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Man Imprisoned for 16 Years for Raping Lovely Bones Author Is Exonerated

Source: Emily Horowitz – – 11/29/21

Anthony Broadwater, now 61, had no idea his accuser achieved fame and fortune while he has been living as a pariah for over 20 years on the sex offender registry.

Alice Sebold’s bestselling 1999 memoir Lucky tells the story of a young woman raped by a stranger while attending Syracuse University. In the book, the rapist is caught and convicted. After writing about the experience, Sebold went on to write the bestseller The Lovely Bones, a fictional account of a teenage girl raped and killed. But last week Anthony Broadwater, the man who served 16 years in prison for raping Sebold, was exonerated.

Timothy Mucciante, a producer working on a film adaptation of Lucky, was fired after raising questions about inconsistencies in Sebold’s story. Mucciante, who has a legal background, started reviewing the police files; he became even more troubled by discrepancies between the memoir and the facts of the case, to the point where he “couldn’t sleep.” Mucciante ended up hiring a private investigator to investigate further, and the P.I. broke the case. Broadwater’s conviction turns out to have rested on shaky evidence: Sebold had had trouble identifying her assailant—she had initially picked a different man out of a lineup—and the only forensic evidence was a form of hair analysis that the government now considers junk science. Even at the time, the expert witness could only say that the attacker’s hair was “consistent” with Broadwater’s, not that it definitively was his hair.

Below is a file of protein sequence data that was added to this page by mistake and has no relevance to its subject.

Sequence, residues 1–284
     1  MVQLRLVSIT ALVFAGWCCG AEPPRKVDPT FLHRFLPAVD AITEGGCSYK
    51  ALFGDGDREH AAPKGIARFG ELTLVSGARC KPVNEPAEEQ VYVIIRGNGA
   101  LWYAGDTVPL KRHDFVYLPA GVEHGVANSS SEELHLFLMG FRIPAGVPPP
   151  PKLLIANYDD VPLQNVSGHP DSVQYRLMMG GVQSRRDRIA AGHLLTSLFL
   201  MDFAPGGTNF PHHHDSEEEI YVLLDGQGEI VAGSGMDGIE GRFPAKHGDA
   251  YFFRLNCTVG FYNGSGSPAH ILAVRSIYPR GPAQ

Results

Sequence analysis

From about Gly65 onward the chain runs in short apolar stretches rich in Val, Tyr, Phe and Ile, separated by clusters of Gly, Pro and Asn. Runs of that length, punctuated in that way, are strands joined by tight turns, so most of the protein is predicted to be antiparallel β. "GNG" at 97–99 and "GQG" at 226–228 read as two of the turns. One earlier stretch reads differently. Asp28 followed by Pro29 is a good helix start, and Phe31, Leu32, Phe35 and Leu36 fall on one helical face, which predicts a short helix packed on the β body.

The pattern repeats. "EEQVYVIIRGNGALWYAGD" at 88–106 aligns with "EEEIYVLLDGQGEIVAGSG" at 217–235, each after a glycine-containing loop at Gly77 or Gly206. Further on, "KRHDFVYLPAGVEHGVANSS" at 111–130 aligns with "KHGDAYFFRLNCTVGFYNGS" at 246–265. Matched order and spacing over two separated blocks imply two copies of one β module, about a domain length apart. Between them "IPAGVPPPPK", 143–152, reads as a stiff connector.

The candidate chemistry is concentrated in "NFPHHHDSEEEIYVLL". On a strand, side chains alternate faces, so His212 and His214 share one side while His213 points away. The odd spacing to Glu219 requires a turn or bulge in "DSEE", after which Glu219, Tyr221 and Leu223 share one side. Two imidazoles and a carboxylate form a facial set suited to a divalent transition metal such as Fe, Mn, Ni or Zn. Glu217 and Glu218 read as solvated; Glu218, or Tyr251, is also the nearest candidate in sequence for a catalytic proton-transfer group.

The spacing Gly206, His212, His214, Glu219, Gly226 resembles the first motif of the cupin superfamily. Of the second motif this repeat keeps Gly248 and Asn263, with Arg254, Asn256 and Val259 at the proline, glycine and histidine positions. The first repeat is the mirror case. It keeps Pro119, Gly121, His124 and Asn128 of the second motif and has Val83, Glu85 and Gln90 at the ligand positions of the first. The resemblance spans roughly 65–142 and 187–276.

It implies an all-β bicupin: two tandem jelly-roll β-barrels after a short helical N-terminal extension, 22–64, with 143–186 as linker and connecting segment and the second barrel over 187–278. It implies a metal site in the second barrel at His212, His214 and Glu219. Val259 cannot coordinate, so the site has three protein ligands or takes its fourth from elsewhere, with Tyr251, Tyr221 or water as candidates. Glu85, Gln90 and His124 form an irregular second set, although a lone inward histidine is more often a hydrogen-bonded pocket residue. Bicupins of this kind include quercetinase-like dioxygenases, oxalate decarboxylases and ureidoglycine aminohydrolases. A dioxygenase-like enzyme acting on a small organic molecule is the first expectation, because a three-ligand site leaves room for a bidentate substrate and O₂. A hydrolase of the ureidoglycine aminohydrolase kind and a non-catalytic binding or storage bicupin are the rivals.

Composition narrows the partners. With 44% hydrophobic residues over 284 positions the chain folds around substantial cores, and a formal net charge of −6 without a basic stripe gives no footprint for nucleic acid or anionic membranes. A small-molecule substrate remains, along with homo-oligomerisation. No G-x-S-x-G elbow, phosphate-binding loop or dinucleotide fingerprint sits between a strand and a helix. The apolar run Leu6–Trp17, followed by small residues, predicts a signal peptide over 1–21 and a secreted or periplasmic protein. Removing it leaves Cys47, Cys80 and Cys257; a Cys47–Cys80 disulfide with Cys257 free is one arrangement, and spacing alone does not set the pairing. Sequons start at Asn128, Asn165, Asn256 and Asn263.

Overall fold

Broadwater was placed on the New York Sex Offender Registry after his 1999 release, and he remained on it until a few days ago. His case starkly highlights the needless cruelty of sex offense registries.

Read the full article


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I hope he can sue her for all the royalties from her slanderous book, and in a just system she would be convicted for falsely accusing him.

She should pay him for the damage she’s caused by misidentifying him as her rapist.

Terrible case. Both she and the system need to pay great restitution for this man. She should be greatly ashamed of her actions for going along with the DA despite having identified a completely different person in the line-up. She clearly had no idea who did and was just looking for satisfaction no matter the cost.

I’m still dumbfounded how no one on the prosecution side ever seems to be directly held accountable, even when it’s shown that it was their direct actions of withholding evidence and sometimes downright fabricating it that got that conviction.

Another example of how flawed the system is. Even for people who did do something clearly not even a life sentence or death sentence is enough of a deterrent to keep others from doing the same type of conduct or worse in the future. All around there’s no justice (whatever justice means).

Wow! The article does show how cruel and unusual punishment the registry is only to registrants. In the article, it cites how he served two sentences: one from jail and the other from the registry. I’m sure many of us feel this way. I do.

Maybe he can write or someone can write a book on his behalf, revealing how the registry is punishment and how society doesn’t want want you back after serving your time.

Still, what a sad story.

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